Le Club Golf

October 4, 2021

  • Golf de Dieppe-Pourville

  • Golf de Valescure

  • Golf de Wimereux

Centenary golf courses in France – Chapter 2

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LeClub Golf is fortunate to have 6 century-old golf courses. Among them, the golf courses of Wimereux, Dieppe, Valescure, Cabourg le Home, Luchon and Etretat.

For this second chapter and thanks to Golf Planète, we will visit the golf courses of Etretat, Cabourg le Home and Luchon.

This foray into time and memory also shows that these wonderful courses have also been able to adapt to their time. Their success with golfers is due as much to the charm of their age as to their welcoming sporting relevance.

A stroll through the heart of golfing France!

For those looking for information on century-old golf courses in France, it is recommended to read the book by Kazmierczak and Jeanneau, published three years ago

More information and reservations on the golf courses

Golf d’Etretat
Golf de Cabourg le Home
Golf de Luchon

Golf de Etretat : the postcard of Normandy !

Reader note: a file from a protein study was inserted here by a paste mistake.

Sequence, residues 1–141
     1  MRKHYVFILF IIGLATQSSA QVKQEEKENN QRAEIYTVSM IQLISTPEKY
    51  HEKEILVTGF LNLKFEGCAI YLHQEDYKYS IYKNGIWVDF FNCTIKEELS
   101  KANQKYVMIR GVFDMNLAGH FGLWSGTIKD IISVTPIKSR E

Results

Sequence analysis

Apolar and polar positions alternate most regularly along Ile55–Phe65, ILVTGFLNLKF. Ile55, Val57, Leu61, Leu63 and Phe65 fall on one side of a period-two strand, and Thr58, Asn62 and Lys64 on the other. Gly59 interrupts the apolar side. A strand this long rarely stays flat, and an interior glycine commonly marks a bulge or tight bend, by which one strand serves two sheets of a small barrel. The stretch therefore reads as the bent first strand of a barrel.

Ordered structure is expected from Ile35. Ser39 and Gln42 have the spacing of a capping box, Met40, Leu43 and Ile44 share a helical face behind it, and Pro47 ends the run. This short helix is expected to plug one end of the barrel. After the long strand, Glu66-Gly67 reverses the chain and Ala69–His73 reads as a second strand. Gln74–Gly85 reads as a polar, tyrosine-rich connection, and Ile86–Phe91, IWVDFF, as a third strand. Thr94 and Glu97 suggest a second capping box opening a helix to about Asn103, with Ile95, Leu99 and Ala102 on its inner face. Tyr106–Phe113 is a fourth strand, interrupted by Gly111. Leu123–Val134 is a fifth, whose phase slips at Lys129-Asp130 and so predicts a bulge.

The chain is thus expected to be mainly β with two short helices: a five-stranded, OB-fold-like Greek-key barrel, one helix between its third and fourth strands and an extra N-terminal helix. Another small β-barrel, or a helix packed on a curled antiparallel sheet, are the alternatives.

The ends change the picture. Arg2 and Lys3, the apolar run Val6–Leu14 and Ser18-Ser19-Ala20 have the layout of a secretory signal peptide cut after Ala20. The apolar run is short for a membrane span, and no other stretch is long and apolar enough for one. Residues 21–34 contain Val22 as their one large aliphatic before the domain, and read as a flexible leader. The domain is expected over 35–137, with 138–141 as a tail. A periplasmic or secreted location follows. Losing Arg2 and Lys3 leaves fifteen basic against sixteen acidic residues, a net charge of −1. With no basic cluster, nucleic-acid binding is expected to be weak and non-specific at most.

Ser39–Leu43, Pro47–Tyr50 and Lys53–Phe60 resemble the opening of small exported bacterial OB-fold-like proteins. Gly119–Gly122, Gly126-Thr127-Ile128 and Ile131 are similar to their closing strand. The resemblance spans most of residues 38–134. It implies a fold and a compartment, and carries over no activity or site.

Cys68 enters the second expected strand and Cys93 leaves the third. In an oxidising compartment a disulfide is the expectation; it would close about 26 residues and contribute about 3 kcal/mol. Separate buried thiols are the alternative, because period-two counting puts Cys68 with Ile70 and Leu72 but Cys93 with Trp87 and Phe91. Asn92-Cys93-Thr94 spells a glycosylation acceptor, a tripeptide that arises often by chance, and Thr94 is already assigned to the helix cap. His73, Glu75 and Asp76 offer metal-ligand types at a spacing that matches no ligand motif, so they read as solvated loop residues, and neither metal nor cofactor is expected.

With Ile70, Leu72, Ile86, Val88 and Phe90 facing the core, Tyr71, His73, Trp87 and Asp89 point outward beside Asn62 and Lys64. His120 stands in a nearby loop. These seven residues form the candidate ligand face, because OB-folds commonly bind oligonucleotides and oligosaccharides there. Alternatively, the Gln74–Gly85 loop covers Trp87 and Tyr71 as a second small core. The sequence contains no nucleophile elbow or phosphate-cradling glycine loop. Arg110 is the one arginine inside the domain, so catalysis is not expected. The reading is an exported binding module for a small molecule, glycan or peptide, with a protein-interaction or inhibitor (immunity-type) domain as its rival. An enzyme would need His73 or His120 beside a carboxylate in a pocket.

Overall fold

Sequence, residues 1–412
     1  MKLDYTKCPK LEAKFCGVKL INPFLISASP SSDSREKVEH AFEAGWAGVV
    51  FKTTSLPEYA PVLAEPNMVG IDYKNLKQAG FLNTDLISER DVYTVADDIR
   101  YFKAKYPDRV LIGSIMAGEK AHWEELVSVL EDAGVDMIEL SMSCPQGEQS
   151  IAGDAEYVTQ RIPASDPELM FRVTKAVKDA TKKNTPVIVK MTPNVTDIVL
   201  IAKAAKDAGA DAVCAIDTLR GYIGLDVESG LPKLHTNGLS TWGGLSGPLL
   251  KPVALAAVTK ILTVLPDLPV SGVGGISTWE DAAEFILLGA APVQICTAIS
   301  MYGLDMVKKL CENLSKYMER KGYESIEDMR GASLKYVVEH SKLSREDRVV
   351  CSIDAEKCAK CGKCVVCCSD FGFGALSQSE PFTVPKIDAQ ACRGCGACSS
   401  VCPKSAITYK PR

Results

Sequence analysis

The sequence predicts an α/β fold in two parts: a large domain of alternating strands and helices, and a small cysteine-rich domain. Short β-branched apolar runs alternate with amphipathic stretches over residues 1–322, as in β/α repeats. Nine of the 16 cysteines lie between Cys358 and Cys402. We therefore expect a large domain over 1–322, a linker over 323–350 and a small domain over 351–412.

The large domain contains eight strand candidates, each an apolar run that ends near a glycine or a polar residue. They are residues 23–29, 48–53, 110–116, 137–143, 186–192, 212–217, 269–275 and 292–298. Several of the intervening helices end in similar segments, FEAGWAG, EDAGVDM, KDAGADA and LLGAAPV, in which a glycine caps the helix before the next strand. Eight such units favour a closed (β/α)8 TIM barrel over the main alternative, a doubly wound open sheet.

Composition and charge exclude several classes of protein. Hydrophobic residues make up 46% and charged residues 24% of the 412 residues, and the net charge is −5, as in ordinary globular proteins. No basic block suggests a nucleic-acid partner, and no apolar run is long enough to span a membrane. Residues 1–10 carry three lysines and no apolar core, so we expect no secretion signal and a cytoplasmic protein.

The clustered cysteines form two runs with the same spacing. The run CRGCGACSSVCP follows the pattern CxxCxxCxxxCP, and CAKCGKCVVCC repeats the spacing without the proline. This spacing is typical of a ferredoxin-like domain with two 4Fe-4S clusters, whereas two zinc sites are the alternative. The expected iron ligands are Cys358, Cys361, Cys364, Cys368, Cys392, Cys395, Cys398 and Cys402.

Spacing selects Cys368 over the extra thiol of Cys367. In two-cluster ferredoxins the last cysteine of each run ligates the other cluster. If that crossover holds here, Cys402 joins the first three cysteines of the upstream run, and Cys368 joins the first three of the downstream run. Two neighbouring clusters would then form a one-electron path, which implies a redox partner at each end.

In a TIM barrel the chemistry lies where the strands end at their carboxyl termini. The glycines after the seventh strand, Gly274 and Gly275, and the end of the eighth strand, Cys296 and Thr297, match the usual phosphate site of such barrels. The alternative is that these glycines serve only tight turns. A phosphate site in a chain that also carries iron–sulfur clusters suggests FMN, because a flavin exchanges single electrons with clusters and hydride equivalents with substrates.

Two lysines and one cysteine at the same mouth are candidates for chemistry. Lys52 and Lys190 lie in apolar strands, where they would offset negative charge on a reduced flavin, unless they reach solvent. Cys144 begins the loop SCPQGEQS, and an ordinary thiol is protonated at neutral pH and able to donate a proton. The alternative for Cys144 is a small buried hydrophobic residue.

The golf course of Etretat today

The golf course of Étretat was created in 1908, mainly on the initiative, and like many marine golf courses (Wimereux, Hardelot, Dieppe, Dinard, Biarritz), of British people coming to stay the summer on the French coast.

In fact, the first president of the Étretat Golf Club was Bernard Forbes, 8th Earl of Granard, and there are other peers of the crown among the very first honorary members of the club: Lord Denman, future deputy governor of Australia, or Lord Wodehouse, Baron of Kimberley.

The course, which originally had only 13 holes (the first five had to be replayed in order to complete a real 18-hole course of about 4,300m), was designed by Julien Chantepie, architect of the La Boulie golf course, in collaboration with Arnaud Massy, the famous Biarritz pro who taught and died in Étretat